by Jutta Lausberg-Saam
86th Airlift Wing Public Affairs
The Federal Republic of Germany and the German Democratic Republic were united 29 years ago. Germans will celebrate Reunification Day on Thursday, Oct. 3. It is a Germany-wide holiday and stores, government offices and schools will be closed.
Originally, Nov. 9 was intended as the national holiday. On that day in 1989, the Berlin Wall fell. However, since the date is already dedicated to the commemoration of the Reichskristallnacht, “night of broken glass“ in 1938 and the Hitler-Ludendorff coup in 1923, the starting point for the day of the official reunification of Germany was chosen as Oct. 3, 1990.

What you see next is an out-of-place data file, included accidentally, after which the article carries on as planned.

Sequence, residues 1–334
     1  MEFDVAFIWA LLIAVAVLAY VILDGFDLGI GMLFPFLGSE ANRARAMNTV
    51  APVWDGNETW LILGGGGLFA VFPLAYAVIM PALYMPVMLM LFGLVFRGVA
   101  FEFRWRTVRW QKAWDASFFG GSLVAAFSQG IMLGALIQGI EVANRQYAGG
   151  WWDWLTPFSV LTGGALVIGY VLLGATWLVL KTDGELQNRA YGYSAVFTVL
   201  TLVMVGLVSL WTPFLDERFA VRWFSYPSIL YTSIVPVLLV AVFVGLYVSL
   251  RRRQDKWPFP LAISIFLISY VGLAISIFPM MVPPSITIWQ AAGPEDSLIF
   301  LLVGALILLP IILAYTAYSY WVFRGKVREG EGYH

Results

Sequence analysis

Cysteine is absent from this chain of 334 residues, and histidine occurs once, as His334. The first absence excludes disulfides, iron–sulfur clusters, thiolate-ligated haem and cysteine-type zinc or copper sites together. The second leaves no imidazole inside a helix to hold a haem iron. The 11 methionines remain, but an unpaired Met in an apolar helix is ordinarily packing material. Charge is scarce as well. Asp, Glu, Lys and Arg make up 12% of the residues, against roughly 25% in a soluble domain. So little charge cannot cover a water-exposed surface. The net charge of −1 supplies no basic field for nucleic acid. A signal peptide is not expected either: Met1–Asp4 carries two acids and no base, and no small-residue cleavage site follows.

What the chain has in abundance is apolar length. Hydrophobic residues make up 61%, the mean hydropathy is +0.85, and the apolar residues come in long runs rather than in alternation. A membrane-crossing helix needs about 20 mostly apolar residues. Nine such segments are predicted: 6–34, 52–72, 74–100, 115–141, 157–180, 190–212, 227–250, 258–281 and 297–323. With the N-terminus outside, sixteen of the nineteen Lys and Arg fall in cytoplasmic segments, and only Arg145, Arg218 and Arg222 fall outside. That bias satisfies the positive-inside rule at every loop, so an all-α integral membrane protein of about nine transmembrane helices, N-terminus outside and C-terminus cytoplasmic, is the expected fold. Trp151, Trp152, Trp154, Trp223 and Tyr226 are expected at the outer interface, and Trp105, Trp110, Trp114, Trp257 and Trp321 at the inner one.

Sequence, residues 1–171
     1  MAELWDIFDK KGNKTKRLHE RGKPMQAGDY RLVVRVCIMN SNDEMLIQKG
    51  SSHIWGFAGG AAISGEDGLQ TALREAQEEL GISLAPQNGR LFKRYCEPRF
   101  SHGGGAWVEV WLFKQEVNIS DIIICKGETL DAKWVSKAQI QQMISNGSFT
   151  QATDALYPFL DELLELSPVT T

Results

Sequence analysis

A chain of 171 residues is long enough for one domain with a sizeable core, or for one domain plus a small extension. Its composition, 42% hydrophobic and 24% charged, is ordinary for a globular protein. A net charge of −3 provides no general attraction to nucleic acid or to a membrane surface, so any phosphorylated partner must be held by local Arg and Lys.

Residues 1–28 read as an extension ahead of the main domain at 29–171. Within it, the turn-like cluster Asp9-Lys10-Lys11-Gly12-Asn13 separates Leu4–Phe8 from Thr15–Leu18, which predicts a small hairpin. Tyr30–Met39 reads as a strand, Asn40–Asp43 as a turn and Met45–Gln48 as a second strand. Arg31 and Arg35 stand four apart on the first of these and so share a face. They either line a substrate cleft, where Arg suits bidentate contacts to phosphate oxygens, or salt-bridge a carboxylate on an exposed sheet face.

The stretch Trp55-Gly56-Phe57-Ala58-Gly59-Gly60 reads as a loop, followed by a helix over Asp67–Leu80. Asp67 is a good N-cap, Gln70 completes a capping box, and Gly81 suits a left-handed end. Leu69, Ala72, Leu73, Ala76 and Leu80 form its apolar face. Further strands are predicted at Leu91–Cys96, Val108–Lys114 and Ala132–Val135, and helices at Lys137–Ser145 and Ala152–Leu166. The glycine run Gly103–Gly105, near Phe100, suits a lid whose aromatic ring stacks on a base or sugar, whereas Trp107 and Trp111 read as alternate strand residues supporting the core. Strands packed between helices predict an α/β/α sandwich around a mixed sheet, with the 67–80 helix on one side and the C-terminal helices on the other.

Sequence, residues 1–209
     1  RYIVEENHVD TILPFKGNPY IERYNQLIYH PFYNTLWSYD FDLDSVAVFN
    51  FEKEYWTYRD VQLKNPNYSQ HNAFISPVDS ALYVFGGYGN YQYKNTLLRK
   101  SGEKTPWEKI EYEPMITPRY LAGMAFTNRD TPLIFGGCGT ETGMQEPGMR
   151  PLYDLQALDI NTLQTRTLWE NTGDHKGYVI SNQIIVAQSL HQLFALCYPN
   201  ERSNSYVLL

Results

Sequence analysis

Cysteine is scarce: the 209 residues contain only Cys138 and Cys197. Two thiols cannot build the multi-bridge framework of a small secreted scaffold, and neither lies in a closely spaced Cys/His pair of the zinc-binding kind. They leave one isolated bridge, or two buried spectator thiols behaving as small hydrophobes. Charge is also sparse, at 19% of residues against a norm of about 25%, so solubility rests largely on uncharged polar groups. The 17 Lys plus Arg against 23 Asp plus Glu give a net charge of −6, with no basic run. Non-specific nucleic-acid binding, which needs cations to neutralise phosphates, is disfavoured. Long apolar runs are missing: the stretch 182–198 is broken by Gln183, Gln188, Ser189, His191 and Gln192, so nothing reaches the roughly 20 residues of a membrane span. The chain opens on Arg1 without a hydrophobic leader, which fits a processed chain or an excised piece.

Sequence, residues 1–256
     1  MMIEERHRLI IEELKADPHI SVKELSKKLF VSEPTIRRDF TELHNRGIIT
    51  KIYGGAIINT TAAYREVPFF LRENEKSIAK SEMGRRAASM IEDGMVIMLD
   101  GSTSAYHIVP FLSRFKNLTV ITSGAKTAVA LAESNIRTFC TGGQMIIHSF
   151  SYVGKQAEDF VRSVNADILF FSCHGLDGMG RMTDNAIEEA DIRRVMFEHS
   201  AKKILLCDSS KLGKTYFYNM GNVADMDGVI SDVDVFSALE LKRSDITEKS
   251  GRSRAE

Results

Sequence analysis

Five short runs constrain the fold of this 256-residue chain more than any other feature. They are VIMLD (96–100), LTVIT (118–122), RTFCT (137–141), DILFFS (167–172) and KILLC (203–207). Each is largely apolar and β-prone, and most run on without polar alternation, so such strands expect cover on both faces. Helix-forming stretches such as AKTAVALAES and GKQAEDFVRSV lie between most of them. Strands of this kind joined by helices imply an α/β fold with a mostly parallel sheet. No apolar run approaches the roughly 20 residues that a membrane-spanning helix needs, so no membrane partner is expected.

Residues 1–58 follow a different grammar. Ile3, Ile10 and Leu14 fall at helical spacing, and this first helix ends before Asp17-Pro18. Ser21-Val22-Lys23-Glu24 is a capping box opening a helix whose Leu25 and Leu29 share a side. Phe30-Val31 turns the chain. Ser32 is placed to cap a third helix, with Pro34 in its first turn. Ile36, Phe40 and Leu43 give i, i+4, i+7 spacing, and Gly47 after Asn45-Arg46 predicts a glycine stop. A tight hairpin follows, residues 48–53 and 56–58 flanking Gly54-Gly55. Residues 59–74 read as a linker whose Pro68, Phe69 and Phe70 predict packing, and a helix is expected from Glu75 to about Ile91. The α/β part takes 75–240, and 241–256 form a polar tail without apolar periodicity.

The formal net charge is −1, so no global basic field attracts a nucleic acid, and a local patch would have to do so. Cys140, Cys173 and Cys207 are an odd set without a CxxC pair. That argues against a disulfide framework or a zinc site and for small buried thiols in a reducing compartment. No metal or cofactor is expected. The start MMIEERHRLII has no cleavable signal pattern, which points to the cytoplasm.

Before that, Germany was separated for more than 40 years: In the West there was the Federal Republic of Germany, in the East the German Democratic Republic. October 3 was not always the German national holiday. From 1954 to 1989, June 17 was celebrated as a national holiday in the Federal Republic of Germany. On that day, Germans commemorated the uprising of many workers in the German Democratic Republic in 1953. They demonstrated for more freedom and better living conditions. The uprising was crushed by the police and army. From 1949 to 1989, the German Democratic Republic, celebrated “Republic Day” on Oct. 7 due to the foundation of the German Democratic Republic on that day in 1949. The national holiday is officially celebrated every year on Oct. 3. The official celebration usually takes place in the state capital of the federal state, which at that time is chaired by the Federal Council. This year, from Oct. 2-3, the city of Kiel will be the host with the motto, Mut verbindet, “courage connects.”